Monday, Jan 23, 2012, 12:30 pm
Is OSHA Getting Tougher? For 2nd Time Ever, Federal Agency Pushes Company-Wide Settlement
WASHINGTON, D.C.—When the Occupational Health and Safety Administration (OSHA) cites a company for workplace safety violations, it usually tells it to fix the problems at the specific location where the violation was discovered. But in an unusual—and for safety advocates, promising—move, the Department of Labor (DOL) agency is pushing for "enterprise-wide" changes as part of a violation settlement.
Last week, for the second time in OSHA history, the Labor Department told the agency to force more than 60 locations of a New England-based grocery chain to comply with federal standards protecting workers from falls and lacerations.
On Wednesday, DOL’s regional solicitor in Boston filed a complaint against the Demoulas Super Markets grocery chain, also known as Market Basket. OSHA inspections of a handful of the company's facilities revealed company-wide “fall hazards from unguarded, open-sided work and storage areas." Inspections of a number of facilities also found that the company “allegedly failed to protect employees in produce, deli, and bakery department against laceration hazards from knives and cutting instruments," according to this report. Employees at two Market Basket locations sustained at least 40 hand lacerations between 2008 and 2011.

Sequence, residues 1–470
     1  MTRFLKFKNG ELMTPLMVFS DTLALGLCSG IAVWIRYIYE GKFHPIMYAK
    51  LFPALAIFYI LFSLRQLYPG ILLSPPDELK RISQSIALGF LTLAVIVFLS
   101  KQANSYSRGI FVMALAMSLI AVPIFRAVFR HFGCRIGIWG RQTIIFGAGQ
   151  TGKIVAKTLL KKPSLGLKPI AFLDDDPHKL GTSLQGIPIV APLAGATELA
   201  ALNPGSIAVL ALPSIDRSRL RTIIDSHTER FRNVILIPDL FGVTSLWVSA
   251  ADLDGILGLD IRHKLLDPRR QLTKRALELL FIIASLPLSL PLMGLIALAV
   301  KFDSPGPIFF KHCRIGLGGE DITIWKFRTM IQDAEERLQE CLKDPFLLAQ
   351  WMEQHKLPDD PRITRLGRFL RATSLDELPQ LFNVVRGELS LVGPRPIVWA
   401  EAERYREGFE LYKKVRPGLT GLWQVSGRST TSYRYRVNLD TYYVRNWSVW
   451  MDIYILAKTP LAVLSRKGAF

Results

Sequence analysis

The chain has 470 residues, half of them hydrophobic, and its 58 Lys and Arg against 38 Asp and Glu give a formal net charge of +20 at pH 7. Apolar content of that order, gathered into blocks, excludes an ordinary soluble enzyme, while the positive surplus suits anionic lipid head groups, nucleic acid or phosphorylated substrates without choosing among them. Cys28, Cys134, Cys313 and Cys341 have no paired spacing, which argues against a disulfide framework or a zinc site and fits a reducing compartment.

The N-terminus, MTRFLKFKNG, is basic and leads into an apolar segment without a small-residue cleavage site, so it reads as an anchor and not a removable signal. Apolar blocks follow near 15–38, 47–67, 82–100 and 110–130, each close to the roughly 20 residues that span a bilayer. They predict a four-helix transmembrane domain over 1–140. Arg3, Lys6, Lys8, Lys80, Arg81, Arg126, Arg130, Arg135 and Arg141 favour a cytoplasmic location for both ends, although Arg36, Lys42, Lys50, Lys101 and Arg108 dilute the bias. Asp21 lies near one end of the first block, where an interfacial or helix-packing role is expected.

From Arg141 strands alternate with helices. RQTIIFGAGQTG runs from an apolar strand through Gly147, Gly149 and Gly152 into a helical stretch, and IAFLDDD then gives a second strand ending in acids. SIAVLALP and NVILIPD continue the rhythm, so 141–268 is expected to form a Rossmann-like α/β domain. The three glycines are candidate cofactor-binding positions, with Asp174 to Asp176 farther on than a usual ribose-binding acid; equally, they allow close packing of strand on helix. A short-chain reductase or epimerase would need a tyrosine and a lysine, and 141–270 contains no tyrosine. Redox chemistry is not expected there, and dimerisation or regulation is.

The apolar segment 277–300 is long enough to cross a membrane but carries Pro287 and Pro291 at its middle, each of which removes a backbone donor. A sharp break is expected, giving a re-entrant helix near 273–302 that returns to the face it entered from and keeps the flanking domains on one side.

The only other time DOL and OSHA have attempted to settle safety citations through an "enterprise-wide" solution was last year, when the government told the USPS to fix persistent electrical safety problems found at hundreds of postal locations. The Obama administration is the first administration to seek enterprise-relief for safety violations, according to OSHA Spokesman Ted Fitzgerald.
"Worker safety is not optional, and it cannot be addressed in a piecemeal fashion. It must be addressed across the board," said Assistant Secretary of Labor for OSHA David Michaels, in a statement on the Demoulas grocery chain case. "This employer has the responsibility to safeguard all its employees at all its locations, something it has failed to do."
It's unclear how often OSHA will seek “enterprise-wide” fixes to problems in the future.
“Determination was made that this would be the appropriate course of action ... to address a hazard that is corporate-wide," Fitzgerald said. “I don’t know if we are going to be doing it in more approaches to case. The Department will utilize legal tools in the appropriate circumstances when we feel there is a situation where enterprise-wide relief is required."
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Mike Elk wrote for In These Times and its labor blog, Working In These Times, from 2010 to 2014. He is currently a labor reporter at Politico.
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